21. The hyperactive galaxy
A starburst galaxy located 12.2 billion light years away from the earth, was first discovered in 2008 by Hubble telescope. Soon after the discovery it became the brightest starburst galaxy in the distant universe. As its name suggests, a starburst galaxy is a galaxy which is going under an exceptional rate of star formation. It was named the Baby Boom galaxy because of its very unusual behaviour of rapid star formation. The Baby Boom galaxy generates over 4,000 stars annually, which is 400 times greater than that of the Earth (10 per year).
20. Morse codes on Mars
World’s leading space agencies are studying Mars and its surroundings for a while now. Recently, in 2016, NASA’s Mars Reconnaissance orbiter has sent some puzzling images of the Martian dunes which left scientists in a perplexing situation.
The images taken by the (HiRISE) on the MRO highlighted a region that showed unique dunes with shapes reminiscent of dots and dashes, just like the Morse code. With the current understanding of Mars, scientists have narrowed down the possible reason for such phenomena.
According to them, a circular depression like infilled crater must have limited the amount of sand available for dune formation. As a result dunes forms distinctdot s and dashes. The “dashes” are formed by bi-directional winds, coming from two directions at right angles to the dunes, funneling it into a linear shape.
The smaller “dots” are the real mystery as they only tend to occur where there is some interruption to the process forming those linear dunes. This process is still not well understood at present.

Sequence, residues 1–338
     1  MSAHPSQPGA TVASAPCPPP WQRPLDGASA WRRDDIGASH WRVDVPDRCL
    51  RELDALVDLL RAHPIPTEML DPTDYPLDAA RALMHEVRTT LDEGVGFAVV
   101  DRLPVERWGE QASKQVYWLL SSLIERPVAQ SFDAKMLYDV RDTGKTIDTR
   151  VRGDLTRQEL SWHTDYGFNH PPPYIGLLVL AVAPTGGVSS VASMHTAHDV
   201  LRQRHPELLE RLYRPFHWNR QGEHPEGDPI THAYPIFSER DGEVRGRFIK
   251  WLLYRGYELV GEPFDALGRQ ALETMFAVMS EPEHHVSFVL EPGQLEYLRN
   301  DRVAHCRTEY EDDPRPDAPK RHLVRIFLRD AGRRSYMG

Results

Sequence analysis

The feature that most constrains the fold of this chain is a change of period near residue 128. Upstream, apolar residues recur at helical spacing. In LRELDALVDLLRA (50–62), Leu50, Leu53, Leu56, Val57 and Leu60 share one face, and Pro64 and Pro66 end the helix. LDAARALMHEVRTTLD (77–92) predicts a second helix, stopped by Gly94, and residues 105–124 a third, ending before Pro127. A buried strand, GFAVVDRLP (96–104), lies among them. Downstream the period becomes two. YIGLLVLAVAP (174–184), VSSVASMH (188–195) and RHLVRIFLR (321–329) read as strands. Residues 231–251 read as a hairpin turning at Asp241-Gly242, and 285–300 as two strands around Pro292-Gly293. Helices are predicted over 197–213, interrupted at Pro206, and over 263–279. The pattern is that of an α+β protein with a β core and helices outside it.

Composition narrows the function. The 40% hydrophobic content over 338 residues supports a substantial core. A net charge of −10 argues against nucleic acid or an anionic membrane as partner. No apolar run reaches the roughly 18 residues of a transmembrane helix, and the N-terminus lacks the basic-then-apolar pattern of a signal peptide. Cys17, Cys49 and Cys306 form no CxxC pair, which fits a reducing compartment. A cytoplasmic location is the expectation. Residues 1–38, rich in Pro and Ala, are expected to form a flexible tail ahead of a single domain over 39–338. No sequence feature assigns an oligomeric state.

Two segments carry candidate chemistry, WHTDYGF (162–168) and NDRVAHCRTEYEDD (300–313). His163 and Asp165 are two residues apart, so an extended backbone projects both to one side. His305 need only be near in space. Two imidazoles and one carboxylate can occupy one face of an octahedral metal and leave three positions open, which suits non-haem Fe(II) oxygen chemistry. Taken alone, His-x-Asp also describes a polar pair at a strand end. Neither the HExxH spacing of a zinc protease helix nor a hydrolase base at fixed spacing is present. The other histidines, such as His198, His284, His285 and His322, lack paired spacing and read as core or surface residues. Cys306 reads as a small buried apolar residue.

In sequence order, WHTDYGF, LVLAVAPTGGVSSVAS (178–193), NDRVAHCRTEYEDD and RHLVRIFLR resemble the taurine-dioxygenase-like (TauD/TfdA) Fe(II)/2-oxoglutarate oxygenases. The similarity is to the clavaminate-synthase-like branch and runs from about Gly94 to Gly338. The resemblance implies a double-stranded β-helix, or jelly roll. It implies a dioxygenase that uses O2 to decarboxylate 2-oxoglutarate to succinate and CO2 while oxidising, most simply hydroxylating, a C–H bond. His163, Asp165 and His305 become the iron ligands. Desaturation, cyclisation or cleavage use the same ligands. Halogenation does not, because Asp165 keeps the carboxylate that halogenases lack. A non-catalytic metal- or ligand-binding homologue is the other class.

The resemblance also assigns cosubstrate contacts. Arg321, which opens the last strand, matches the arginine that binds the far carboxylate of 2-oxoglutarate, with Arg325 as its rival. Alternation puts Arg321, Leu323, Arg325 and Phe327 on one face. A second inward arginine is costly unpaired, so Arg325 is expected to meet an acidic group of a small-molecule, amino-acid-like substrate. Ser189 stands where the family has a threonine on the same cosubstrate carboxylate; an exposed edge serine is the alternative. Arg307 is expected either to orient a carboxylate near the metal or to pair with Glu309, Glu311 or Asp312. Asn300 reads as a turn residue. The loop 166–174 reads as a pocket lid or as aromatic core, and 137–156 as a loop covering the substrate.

19. The white planet
Astronomers at Southern Research Institute in Boulder, Colorado confirmed that the Mars or the Red planet was actually been white in the past. Recent researches show that Mars is emerging for a relatively recent ice age. Well, foregoing Martian climate studies suggested that dynamic orbital changes could lead Mars to the ice age, but now researchers found the evidences of these ice age on the planet. With the help of Mars Reconnaissance Orbiter spacecraft, scientists detected many significant signs of ice age started sometime at about 370,000 years ago.
18. Premature death of stars
According to the theory of stellar evolution depending on its mass, a star’s lifetime can range from a few million years to trillion of years. But, a research conducted by Monash university made an unexpected discovery that some stars in the Messier 4 globular cluster, one of the closest and brightest collection of stars are dying prematurely ahead of the time. The team found that about half of the stars skip their Red Giant stage, instead becoming white dwarfs, cutting out millions of years in their life cycle.
17. Life in Europa?
In this age of technology, we are often keen on finding possible evidences of life on other planets. But, recent discoveries show that there are some possibilities of life on moons too. In 2012, a group of scientists detected towering plumes of water jetting away from Europa’s (one of the four Galilean satellites) surface.